April 2007May 2007 June 2007

05/25 - The Elwha River Trails

We've done some more exploring in the Elwha River Valley. We've got some new pictures. We've played around with some Photoshop filters. We've updated our web page again.

We finally made it down to Hume's Ranch. For most people that isn't very spectacular, but for us it was quite a feat. We usually head towards Lilian Camp, but something drew us to the river this time. We even made our way towards the terrifying steel cable bridge, high over the Elwha, at Dodger's Point, but good sense asserted itself, and we backed off, squealing in terror.

Check out the latest Kaleberg hiking trail report on the Elwha River Valley to find out more.

Keywords: elwha, trails, kale

05/17 - Peashoot Season at Johnston Farm

The peashoots aren't much to look at. The plants are still pretty small, but the flowers are blooming, and the shoots are still tender. We didn't even know that peashoots were edible until we had them in dumplings at Yank Sing in San Francisco. Pea vines seemed too fibrous for easy eating, and it seemed a shame to eat the shoots and then not have any peas. Now, we know that the young tendrils and leaves are delicious sauteed in sesame oil or olive oil, or just steamed. We add garlic or asian chives or soy sauce for a bit more flavor, but they are very simple to cook.

We can wait for the peas, but the peashoots are here now. They'll be at the Farmers' Market very soon, so keep your eyes open, or drop by The Johnston Farm.

Keywords: farms, food, flowers, johnston farm, san francisco, farmers' market

05/17 - Goslings on Dungeness Spit

This is the season for baby animals, and that includes ducklings and goslings. We were out at Dungeness Spit and nearly stumbled over this charming family scene. It was an hour or two after low tide, and there they were, right along the water, a family of goose, gander and goslings. They were resting on the sand when the waves came in, and they all scrambled.

Keywords: birds, dungeness spit, animals, dungeness

05/13 - Thomas Edison: Inventor of the Light Switch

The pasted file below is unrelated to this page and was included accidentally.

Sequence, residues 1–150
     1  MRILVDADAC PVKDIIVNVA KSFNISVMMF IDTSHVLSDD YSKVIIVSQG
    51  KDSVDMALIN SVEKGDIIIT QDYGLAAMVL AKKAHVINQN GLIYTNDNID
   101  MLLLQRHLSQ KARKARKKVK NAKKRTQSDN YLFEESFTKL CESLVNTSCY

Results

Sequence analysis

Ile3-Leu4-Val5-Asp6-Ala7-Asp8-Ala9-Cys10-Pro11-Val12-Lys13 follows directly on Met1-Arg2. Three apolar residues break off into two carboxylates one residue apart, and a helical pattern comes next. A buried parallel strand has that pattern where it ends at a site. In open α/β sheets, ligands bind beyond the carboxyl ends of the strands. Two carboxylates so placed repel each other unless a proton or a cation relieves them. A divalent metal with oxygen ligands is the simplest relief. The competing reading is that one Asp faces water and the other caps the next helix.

We were driving out to Lake Ozette and trying to figure out how to use the cruise control. We think we found the enable switch, because some green light on the console did light up as we remembered, but we just couldn't figure out how to tell the cruise control to actually engage. Cruise control ties up three buttons on the steering wheel, and surely it could be made simpler to use.

While struggling, we pondered why these things are so hard, and why it takes someone like Steve Jobs to make simple things simple. Perhaps, we considered, Thomas Edison's greatest invention wasn't the light bulb, but the light switch. Candles require a match, or a flint box, to light. Oil lamps, and even gas lamps, are no better. If you wanted electric lights, you had to power up the generator, and that probably made starting up a lawn mower look simple.

What Edison did was invent the light switch. Push it one way to turn the light on. Push it the other way to turn the light off. That's sort of amazing. It's really simple.

Keywords: science, lamps

05/13 - Russian Easter - Moscow Burns

It was another wild Russian Easter at Chez Kaleberg. This time we didn't even get the date right, but we did manage to defend Moscow from the Monster Napoleon. That's our authentic version of Baked Alaska made out of brownies, coffee ice cream, and meringue. What you can't see due to limits on our camera is the flaming brandy. That's right. As in 1812, it took scorched earth, in this case scorched by ironically flaming French brandy, to repel the invader.

Once the Frenchies were kicked out, Moscow was ours for the eating.

Keywords: russian easter, food, kale, alaska